This success convinced me that we needed neither maps nor directions. We were two self-sufficient travelers, and we could manage quite well on our own. Such was the feeling of invincibility I had during the first ten minutes of our trek uphill once we crossed the river, which was lined with docked sailboats that resembled lean gondolas and bore the names of the wineries who painted their names on their roofs. Ten minutes turned into fifteen minutes. Ariana asked for directions, I smiled in gratitude off to the side, and we followed the directions to go up and take the second right. Fifteen minutes turned into twenty, and Ariana asked another person. I smiled again—a hopeful, “I’m lost but you want to help me” smile—and we received the same instructions, my smile reflected in the faces of our helpers. When Ariana asked one man outside a bar for directions, the entire bar ended up putting down drinks and pointing us up the hill.

Ariana and I could only speak Spanish to the strangers who guided us up the hill, but there was a vague mutual understanding that pushed us upward and onward. Our helpers pointed and gestured and repeated themselves until they believed that we understood. We were bid farewell and good luck by these strangers with what we believed were terms of endearment, an unassuming act of kindness that we did not know how to repay.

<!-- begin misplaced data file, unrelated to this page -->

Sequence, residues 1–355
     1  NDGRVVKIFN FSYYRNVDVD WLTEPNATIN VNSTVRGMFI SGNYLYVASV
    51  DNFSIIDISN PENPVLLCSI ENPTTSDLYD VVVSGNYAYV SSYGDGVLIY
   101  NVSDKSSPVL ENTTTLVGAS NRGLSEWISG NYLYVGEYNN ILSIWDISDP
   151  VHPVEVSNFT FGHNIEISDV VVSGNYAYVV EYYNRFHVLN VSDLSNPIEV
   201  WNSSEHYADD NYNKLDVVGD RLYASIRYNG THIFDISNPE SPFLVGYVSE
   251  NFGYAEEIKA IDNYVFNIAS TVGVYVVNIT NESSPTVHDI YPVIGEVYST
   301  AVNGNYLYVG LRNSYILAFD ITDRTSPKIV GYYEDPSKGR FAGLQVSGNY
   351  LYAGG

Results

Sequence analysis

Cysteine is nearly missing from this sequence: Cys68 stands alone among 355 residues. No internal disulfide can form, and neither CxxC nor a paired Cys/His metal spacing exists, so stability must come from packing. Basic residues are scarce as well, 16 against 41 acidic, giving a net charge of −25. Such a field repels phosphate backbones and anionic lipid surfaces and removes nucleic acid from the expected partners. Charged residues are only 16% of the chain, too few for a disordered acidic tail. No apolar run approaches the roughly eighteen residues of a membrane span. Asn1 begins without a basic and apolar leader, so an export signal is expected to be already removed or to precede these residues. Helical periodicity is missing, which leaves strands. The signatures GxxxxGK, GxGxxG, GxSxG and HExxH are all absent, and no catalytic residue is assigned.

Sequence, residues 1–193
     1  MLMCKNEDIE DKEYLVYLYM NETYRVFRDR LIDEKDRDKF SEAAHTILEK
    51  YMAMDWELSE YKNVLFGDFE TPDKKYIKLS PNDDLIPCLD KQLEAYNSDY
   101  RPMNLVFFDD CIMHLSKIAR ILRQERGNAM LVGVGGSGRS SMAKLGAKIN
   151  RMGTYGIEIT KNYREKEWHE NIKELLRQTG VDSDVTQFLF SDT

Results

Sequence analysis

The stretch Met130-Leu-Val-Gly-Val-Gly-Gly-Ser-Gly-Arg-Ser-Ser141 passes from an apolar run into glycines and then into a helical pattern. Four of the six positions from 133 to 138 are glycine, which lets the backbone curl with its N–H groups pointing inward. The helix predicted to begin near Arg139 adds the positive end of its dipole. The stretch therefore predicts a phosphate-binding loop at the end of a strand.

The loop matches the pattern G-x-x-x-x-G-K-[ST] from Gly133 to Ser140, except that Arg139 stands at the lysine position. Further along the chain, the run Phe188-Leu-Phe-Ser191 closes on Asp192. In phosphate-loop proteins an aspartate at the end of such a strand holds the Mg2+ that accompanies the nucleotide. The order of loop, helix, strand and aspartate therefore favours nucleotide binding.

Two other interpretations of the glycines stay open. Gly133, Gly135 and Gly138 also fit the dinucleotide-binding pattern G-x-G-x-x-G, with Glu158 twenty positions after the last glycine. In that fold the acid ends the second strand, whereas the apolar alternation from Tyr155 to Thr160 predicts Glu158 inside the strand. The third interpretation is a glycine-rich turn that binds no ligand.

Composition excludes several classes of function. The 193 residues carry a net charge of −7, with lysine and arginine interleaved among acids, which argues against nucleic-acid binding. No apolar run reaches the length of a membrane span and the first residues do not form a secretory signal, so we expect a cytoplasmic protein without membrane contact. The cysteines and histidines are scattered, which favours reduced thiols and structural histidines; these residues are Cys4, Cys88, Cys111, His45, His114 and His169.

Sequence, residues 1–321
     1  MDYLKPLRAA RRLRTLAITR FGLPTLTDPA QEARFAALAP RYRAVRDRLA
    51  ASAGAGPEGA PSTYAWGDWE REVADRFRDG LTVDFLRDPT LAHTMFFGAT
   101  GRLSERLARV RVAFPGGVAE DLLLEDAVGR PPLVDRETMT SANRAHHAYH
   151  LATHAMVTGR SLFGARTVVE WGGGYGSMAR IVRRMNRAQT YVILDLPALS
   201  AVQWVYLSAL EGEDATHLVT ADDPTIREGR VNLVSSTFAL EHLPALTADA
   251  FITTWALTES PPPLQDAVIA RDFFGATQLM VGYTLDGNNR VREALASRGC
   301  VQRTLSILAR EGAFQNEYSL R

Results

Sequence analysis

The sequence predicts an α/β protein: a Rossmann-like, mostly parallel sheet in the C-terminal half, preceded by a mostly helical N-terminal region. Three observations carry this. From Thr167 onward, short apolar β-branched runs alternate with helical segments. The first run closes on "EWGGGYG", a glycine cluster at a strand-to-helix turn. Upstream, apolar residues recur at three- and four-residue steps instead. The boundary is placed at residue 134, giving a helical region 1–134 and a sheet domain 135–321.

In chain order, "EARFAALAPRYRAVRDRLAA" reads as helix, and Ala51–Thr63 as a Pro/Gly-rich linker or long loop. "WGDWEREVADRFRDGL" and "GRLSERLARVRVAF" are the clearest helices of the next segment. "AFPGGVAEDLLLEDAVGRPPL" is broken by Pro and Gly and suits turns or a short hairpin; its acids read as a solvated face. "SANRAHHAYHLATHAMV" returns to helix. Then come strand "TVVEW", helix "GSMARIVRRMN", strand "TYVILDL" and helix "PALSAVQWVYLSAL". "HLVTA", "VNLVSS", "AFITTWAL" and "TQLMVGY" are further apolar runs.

In the end, we found the winery on our trudge down the hill. We realized that the second right that we had desperately searched was under construction, so we had missed the turnoff. Exhausted and with empty stomachs, we sipped our sweet wine and sashayed light-headed through the gardens where peacocks strutted. Down the hill, the city where the river meets the ocean stretched, its shorefront dotted with colorful stacked houses that reminded me of postcards of Venice. At last satisfied by our adventure, we rushed downhill for a full lunch and wandered back to the bridge to cross the river.